The organization of intracortical connections by layer and cell class in the mouse brain
Julie A Harris,
Karla E Hirokawa,
Jennifer D. Whitesell,
Joseph E. Knox,
Charles R. Gerfen,
Peter A. Groblewski,
Marty T. Mortrud,
Seung W Oh,
John W. Phillips,
Posted 01 Apr 2018
bioRxiv DOI: 10.1101/292961 (published DOI: 10.1038/s41586-019-1716-z)
Posted 01 Apr 2018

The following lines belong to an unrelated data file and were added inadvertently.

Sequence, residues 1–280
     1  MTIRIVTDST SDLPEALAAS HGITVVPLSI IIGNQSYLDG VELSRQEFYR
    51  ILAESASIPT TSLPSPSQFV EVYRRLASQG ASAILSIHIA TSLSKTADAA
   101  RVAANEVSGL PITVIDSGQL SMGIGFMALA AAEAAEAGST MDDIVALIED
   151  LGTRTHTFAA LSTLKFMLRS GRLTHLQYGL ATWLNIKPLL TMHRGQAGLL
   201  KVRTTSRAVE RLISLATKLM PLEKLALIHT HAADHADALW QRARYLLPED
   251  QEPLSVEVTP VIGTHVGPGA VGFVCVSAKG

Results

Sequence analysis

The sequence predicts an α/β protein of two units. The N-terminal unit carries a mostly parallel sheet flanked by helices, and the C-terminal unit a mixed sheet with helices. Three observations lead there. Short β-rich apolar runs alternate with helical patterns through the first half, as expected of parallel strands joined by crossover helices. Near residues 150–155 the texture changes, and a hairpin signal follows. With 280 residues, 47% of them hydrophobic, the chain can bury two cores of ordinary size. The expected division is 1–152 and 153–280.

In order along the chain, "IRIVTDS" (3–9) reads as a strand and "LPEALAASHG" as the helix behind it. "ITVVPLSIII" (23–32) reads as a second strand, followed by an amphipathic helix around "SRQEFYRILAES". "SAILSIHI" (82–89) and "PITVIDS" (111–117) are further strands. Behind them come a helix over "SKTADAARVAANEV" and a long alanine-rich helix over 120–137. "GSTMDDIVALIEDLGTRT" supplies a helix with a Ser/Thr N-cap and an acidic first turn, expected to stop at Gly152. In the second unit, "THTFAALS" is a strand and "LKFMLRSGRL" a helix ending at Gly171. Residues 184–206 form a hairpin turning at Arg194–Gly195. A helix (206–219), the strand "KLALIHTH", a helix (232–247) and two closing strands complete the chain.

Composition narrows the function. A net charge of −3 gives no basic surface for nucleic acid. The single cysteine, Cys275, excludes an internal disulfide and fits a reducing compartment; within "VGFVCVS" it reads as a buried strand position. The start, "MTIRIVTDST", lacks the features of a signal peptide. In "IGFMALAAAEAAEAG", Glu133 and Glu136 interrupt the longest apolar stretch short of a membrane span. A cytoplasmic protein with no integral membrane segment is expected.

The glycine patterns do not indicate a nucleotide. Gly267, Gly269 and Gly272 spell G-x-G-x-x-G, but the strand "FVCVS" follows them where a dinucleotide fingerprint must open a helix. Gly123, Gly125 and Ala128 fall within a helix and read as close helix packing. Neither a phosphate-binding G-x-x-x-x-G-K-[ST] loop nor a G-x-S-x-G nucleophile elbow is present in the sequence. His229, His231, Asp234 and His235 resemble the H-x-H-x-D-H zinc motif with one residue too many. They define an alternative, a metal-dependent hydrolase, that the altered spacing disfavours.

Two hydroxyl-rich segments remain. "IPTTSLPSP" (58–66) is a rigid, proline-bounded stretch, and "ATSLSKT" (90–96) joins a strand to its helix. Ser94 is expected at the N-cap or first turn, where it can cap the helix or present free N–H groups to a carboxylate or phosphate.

The mammalian cortex is a laminar structure composed of many cell types densely interconnected in complex ways. Recent systematic efforts to map the mouse mesoscale connectome provide comprehensive projection data on interareal connections, but not at the level of specific cell classes or layers within cortical areas. We present here a significant expansion of the Allen Mouse Brain Connectivity Atlas, with ~1,000 new axonal projection mapping experiments across nearly all isocortical areas in 49 Cre driver lines. Using 13 lines selective for cortical layer-specific projection neuron classes, we identify the differential contribution of each layer/class to the overall intracortical connectivity patterns. We find layer 5 (L5) projection neurons account for essentially all intracortical outputs. L2/3, L4, and L6 neurons contact a subset of the L5 cortical targets. We also describe the most common axon lamination patterns in cortical targets. Most patterns are consistent with previous anatomical rules used to determine hierarchical position between cortical areas (feedforward, feedback), with notable exceptions. While diverse target lamination patterns arise from every source layer/class, L2/3 and L4 neurons are primarily associated with feedforward type projection patterns and L6 with feedback. L5 has both feedforward and feedback projection patterns. Finally, network analyses revealed a modular organization of the intracortical connectome. By labeling interareal and intermodule connections as feedforward or feedback, we present an integrated view of the intracortical connectome as a hierarchical network.
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